[re]Stitch inspires upgrades at Hillsborough River
Published: Monday, June 18, 2012
Updated: Monday, June 18, 2012 08:06
The Hillsborough River and its surrounding areas will become more accessible and pedestrian-friendly for USF students, Tampa residents and tourists who love to kayak, hike or spend leisure time there, and ideas from a USF competition could have an influence on the changes.
The City of Tampa contracted AECOM, a global firm that provides management and support services in areas including transportation, urban planning and water, will produce a master plan for a central portion of Tampa, said Tampa Councilwoman Lisa Montelione.
The master plan will incorporate many of the social, ecological, economic and spatial themes from the USF [re]Stitch Tampa Competition, which was held from September 2011 to March 2012. The competition was designed to form the basis of a long, green linear pedestrian path through the city that connects the Hillsborough River with other walkways.
Though no specific ideas will likely be taken from a USF submission, Randy Goers, urban planning coordinator for the City of Tampa, said AECOMM consultants will examine the [re]Stitch Tampa Competition as a source of information for the master plan.
“What we learned mostly from [re]Stitch is by looking at all the submittals and trying to get an idea of what were some of the consistent themes that the students and applicants were trying to make,” he said.
Shannon Bassett, assistant professor of architecture and urbanism at USF who helped coordinate the competition, said Tampa placed highway systems in the 1950s and ‘60s, especially along the river, which “ripped up the fabric and separated the neighborhoods.”
“There’s a lot of challenges,” she said. “In terms of the city really wanting to activate their riverfront or river walk, it’s very difficult to cross (North Ashley Drive) in places because people fly off the highway at 60 miles an hour. It’s difficult to walk across that.”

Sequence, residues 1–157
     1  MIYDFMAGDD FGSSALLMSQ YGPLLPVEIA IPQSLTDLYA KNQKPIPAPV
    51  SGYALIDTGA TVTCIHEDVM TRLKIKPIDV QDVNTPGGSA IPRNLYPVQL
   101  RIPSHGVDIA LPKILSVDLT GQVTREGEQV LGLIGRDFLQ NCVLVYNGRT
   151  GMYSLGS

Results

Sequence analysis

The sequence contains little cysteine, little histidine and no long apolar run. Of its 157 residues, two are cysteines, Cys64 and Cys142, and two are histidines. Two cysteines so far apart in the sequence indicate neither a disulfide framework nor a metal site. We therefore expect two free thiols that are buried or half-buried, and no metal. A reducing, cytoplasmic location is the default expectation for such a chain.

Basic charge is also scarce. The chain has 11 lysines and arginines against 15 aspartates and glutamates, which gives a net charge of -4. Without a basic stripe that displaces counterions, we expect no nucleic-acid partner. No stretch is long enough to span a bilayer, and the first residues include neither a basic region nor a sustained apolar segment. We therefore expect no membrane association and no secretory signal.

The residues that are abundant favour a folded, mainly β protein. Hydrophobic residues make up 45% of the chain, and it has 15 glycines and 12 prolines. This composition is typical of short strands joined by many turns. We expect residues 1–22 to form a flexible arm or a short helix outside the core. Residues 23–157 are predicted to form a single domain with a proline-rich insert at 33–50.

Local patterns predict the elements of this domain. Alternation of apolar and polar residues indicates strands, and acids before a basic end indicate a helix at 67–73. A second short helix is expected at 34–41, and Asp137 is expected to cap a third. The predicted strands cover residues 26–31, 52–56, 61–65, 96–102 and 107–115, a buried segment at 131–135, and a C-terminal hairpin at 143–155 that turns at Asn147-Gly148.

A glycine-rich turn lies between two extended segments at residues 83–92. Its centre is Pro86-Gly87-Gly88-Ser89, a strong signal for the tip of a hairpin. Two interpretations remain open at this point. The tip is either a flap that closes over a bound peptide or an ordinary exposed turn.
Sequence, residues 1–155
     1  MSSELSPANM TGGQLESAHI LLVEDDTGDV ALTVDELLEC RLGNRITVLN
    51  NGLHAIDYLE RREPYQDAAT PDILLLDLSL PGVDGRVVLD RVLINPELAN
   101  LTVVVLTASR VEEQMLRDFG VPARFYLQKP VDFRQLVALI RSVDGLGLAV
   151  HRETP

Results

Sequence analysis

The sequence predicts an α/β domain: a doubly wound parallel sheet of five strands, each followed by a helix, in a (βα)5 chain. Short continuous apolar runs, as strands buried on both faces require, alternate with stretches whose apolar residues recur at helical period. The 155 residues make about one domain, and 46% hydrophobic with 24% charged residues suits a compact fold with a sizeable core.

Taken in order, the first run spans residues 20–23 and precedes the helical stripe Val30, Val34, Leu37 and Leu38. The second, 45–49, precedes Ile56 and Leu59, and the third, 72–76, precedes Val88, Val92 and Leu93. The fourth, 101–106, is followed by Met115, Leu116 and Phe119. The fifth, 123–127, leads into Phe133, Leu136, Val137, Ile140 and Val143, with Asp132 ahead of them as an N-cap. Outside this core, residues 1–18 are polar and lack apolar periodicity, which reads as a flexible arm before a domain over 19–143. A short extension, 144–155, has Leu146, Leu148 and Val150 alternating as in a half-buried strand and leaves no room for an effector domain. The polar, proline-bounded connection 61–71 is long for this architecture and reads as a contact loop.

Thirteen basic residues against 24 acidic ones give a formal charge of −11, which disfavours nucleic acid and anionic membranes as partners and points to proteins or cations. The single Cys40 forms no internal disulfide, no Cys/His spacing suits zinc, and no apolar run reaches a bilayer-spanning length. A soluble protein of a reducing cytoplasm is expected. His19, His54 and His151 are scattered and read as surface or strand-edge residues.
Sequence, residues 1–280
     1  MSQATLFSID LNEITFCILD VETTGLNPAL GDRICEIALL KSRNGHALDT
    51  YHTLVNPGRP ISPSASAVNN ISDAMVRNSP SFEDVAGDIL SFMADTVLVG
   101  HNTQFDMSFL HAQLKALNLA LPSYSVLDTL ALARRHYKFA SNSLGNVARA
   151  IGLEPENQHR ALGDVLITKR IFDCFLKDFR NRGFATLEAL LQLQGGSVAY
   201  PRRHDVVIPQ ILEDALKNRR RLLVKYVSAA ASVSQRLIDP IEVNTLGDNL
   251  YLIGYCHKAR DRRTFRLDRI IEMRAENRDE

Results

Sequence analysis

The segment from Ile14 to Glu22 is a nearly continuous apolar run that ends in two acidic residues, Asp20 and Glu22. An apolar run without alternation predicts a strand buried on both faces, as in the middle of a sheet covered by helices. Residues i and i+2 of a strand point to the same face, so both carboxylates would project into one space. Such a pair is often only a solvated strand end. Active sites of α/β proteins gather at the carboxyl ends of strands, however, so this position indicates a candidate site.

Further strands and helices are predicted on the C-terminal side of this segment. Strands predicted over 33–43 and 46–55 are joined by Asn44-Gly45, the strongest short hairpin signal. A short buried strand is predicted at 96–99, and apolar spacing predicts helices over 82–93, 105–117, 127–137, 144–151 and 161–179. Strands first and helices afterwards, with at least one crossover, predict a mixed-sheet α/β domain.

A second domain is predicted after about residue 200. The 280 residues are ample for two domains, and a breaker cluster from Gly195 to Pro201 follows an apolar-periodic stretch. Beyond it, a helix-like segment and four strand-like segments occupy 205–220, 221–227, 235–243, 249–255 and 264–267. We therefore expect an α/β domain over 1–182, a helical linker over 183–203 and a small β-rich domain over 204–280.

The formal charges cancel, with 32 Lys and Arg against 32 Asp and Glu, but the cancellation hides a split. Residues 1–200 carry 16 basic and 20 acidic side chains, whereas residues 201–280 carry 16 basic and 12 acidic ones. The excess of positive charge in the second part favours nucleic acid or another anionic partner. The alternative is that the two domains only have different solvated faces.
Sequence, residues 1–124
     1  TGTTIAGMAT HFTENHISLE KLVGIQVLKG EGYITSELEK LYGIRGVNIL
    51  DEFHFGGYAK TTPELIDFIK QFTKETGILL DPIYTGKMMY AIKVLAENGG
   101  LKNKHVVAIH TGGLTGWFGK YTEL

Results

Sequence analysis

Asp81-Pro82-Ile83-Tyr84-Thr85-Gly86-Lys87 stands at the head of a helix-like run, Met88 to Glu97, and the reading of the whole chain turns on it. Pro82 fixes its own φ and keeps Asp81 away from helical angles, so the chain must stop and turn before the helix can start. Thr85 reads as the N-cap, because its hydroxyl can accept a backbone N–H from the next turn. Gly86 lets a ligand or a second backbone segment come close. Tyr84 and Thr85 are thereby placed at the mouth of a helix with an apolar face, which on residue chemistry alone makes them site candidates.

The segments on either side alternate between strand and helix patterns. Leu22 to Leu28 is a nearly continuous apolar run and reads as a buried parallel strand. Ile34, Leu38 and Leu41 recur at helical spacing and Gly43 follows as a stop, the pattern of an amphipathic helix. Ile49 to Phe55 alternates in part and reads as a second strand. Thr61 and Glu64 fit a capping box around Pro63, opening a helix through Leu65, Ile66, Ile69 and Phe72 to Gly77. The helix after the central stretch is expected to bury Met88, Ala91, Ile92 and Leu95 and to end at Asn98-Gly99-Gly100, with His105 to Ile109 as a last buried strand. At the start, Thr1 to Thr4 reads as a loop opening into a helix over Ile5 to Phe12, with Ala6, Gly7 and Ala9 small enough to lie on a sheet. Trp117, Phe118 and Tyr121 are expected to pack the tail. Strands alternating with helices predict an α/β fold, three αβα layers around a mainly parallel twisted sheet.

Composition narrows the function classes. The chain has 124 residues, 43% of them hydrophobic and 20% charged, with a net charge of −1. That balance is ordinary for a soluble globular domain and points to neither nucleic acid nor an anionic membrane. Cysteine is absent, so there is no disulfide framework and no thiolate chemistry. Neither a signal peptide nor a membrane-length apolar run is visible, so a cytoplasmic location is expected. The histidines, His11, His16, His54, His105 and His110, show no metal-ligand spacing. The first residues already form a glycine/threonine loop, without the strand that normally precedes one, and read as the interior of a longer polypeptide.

Additionally, biking conditions by the river are dangerous because of the heavy traffic and there is a general lack of shade for bikers and pedestrians, she said.
Storm water management, she said, is another problem.
“Now, the storm water from the streets just gets shot off into the Hillsborough, so if the city is trying to make that an economic engine for the city, people don’t want to sit next to a sewer,” Bassett said.
Goers said some of the other important ideas that AECOMM is considering from [re]Stitch include making the river a central place for activity and enjoyment in Tampa by connecting the river to downtown on both sides and redeveloping certain areas along the river. Redevelopment might include reconfiguring blocks and building new activity areas.
AECOM is currently wrapping up its meetings with the general public to get feedback on what needs to be included in the Tampa’s master plan before starting to work on it, Goers said. The firm hopes to finish the plan by September or October of this year. Changes will then be implemented in the next several years, depending on funding for the different projects.